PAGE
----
Like the millions of patent applications before it, the one filed in Gatineau, Que., by the Canadian subsidiary of U.S. drug giant Purdue Pharma promised remarkable things. The company’s researchers had “surprisingly” discovered a new way to treat pain. Purdue’s innovative pill would substantially improve the “efficiency and quality of pain management,” because it didn’t need to be taken as often as other medications. Most importantly, it was safer. In a section of the application called “Summary of the Invention,” where the benefits of the innovation are recorded, Purdue said its new pill could treat pain “without unacceptable side effects.” The drug was awarded Canadian Patent No. 2,098,738. Its official title in the paperwork was listed as: controlled release oxycodone compositions. But Purdue called it OxyContin.
It would go on to be a blockbuster drug-the long promising prescription painkiller in Canada for more than a decade and one of the most lucrative pharmaceutical invention to hit the market. In fact, the profit from OxyContin were massive and growing every year. In Canada and United States, where the drugs was also patented. Seeing this trend, other Canadian drugmakers wanted a piece of those profits and a series of patent wars broke out. Unwiling to wait the standard 20Years for the patent to expire in 2012, atleast three pharmaceutical maufacturers went to federal court starting in 2005, seeking to produce their own version of OxyContin. In thousands of pages court filing detailing those cases, which had not been made public until now, Patent 2,098,738 soon become shortened to the more manageable Patent”738″which become a shortform of one of the biggest backroom battles in Canadian pharmaceutical history, though few outside the buisness knew it was going on.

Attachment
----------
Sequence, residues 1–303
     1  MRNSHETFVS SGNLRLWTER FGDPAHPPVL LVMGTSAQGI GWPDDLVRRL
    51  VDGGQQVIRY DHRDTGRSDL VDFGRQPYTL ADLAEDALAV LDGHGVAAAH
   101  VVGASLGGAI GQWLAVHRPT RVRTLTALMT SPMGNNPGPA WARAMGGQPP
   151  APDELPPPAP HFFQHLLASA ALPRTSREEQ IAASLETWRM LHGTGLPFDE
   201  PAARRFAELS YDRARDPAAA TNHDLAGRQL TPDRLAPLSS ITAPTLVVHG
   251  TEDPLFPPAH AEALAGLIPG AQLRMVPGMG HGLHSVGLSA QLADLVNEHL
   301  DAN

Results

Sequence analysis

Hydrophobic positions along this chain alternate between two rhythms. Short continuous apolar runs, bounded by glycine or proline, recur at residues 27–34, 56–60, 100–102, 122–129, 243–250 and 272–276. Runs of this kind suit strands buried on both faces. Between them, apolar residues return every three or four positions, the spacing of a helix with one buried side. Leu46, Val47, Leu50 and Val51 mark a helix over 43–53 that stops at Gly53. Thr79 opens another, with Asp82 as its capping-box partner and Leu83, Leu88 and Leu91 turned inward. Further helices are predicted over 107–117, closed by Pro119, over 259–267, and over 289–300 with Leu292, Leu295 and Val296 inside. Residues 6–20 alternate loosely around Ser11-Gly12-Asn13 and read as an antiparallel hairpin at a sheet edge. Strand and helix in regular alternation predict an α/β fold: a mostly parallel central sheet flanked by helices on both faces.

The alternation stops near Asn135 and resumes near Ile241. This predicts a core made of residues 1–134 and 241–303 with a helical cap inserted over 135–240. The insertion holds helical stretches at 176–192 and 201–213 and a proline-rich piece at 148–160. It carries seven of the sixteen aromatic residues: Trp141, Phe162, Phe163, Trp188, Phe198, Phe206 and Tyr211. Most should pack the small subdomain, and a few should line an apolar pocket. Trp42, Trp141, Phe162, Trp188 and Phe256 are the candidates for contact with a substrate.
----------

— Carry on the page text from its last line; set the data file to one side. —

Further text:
OxyContin wasn’t merely a commercial success because it was effective at killing pain – it was also highly addictive. Patients who were prescribed the seemingly benign pills for everyday conditions, such as back pain, were becoming hopelessly dependent upon them, unable to break their habit and requiring stronger and stronger doses as time went on. Increasingly, people were dying. Canada’s opioid epidemic, which traces its roots back to the introduction of OxyContin and Patent ‘738, has now killed thousands.
Ranbaxy Pharmaceuticals Canada Inc. accused Purdue of “material misrepresentation,” alleging that Purdue knew from its own clinical research that the claims listed in Patent ‘738, which said OxyContin was safer and more effective than other prescription painkillers, could not be supported. “Such statements were added intentionally to mislead the Patent Office into believing that an invention existed,” Ranbaxy said.
Purdue disputed these allegations, and others, even as further lawsuits insisted the drug was far more addictive than its creator suggested. But the attacks on Patent ‘738 weren’t designed to warn the public about problems with OxyContin. Instead, their purpose was to have the courts declare the patent invalid, so that other companies could move in and manufacture their own versions of the enormously profitable pill. In doing so, they hoped to claim some of the billions of dollars being made from controlled-release oxycodone.
This is the story of how Patent ‘738 sparked the opioid crisis in Canada, with OxyContin serving as the gateway to an epidemic of addiction that has since spread to other, more hazardous substances such as fentanyl. It has left many dead, and many more ravaged by the drug and its implications. It is also a tale of how marketing – not necessarily sound medicine – helped turn Patent ‘738 into one of the most profitable drugs the industry has seen in recent memory, and how careful Purdue has been to protect that empire, even as the damage spread. In 2014, Purdue Canada’s CEO acknowledged Canada had a problem with overprescribing opioids.